Did that headline make you do a double take? Did it pique your interest?
Because you’ve never seen that word used here before? Because it’s edgy? Designed to grab your attention? Pushes the envelope? Intentionally provocative?
In one form or another, those questions are at the core of a fight between Flying Dog Brewery (a Colorado company with a brewery in Maryland) and the Michigan Liquor Control Division dating back to 2009. When the Liquor Control Commission denied Flying Dog a license to sell beer named “Raging Bitch,” Flying Dog cried foul, alleging violation of its first amendment rights. Here’s the label (which had already been approved in numerous other states).
Ultimately, Flying Dog filed suit. Although the Commission reversed its decision three months later and granted a license, Flying Dog moved forward with it’s lawsuit. At the time, Flying Dog issued a strongly worded statement which included the following:
“We’re glad that the people of Michigan are now free to decide for themselves whether Flying Dog’s beer labels are, like the beer, in good taste. Our lawsuit forced the Liquor Commissioners to see at least some of the light. But the litigation won’t end until the Commissioners accept responsibility for the damage they’ve caused by violating the First Amendment . . . . ”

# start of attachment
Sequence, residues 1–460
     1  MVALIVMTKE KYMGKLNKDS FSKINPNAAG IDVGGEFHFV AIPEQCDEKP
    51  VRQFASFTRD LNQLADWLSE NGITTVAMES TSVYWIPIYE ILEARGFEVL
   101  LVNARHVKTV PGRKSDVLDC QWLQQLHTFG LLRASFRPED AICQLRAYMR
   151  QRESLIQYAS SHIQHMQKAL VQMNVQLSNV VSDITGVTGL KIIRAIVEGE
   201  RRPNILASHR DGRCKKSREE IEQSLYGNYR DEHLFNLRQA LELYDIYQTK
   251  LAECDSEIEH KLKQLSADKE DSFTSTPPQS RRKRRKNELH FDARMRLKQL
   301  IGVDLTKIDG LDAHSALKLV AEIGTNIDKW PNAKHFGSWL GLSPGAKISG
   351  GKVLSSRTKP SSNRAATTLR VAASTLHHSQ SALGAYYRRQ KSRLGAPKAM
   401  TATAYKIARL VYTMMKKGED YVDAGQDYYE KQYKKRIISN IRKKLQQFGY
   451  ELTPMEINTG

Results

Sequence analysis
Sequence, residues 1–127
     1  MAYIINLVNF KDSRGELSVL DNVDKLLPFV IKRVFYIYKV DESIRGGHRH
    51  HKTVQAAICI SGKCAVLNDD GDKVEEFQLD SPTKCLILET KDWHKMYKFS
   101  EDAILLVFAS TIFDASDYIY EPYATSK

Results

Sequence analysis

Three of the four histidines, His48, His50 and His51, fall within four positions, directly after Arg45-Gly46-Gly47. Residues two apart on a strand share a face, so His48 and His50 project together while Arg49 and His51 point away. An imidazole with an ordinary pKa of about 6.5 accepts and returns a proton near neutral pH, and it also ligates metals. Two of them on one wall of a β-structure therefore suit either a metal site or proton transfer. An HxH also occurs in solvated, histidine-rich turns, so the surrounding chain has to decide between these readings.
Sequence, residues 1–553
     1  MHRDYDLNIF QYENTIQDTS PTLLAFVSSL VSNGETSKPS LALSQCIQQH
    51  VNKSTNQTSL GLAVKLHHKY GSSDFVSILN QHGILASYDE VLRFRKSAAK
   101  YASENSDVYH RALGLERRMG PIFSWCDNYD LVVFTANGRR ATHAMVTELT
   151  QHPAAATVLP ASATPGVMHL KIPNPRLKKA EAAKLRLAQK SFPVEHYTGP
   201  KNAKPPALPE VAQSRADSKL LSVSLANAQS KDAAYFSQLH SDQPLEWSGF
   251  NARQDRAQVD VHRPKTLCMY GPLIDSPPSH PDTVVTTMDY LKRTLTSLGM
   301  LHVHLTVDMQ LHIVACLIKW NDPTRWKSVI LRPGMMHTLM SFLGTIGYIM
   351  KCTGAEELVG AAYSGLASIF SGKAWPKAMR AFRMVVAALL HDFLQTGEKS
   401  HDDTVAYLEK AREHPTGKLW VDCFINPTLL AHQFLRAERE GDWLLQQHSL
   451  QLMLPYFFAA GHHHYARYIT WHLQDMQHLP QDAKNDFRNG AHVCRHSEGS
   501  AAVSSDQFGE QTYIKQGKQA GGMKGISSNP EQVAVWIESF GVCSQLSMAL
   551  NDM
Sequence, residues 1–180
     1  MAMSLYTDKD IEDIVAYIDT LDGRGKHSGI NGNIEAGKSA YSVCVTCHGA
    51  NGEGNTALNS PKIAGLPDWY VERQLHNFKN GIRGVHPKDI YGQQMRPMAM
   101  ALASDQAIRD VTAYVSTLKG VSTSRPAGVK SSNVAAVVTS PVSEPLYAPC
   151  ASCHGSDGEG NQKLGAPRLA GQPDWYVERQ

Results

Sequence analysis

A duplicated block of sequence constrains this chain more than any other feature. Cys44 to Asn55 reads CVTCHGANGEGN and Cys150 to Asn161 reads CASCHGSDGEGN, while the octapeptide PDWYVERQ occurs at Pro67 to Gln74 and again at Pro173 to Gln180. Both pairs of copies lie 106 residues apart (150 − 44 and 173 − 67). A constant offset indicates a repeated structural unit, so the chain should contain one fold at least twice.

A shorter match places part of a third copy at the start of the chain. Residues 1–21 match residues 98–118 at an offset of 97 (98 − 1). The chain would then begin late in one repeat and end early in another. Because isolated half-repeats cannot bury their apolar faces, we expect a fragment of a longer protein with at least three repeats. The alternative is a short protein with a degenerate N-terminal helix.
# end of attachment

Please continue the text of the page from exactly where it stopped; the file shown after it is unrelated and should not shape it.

Oh, and “to recover damages from the loss of sales under the rule,” too.
Flying Dog first applied for a license to sell Raging Bitch in Michigan in September, 2009. A subcommittee of the five member liquor control commission denied the request “because the name, text and the drawing on the label, taken as a whole, promotes sexism and is detrimental to the health, safety, or welfare of the general public” under Michigan law, according to an affidavit filed in the later lawsuit.
Prior label approvals demonstrated the Commission wasn’t just a set of prudes. The Commission had already approved Flying Dog’s Doggie Style Classic Pale Ale, In Heat Wheat Hefeweizen and Old Scratch Amber Lager. As for “Raging Bitch,” the Commission found the term to be a gender-specific insult used to denigrate women, despite Flying Dog’s argument that it had no further meaning than a reference to the dog appearing on the label. Read the label text to the left of the artwork and see what you think.
Fast forward to March, 2011. Flying Dog filed suit in United States District Court alleging the Commission’s rules were an unconstitutional prior restraint on free speech and the denial of a license to sell Raging Bitch caused them significant damages. Following briefing and oral argument on Flying Dog’s request for a preliminary injunction, the Commission issued an order reversing their earlier decision and granted a license to sell Raging Bitch. More significantly, the Commission also repealed the labeling rule which led to the problem in the first place.*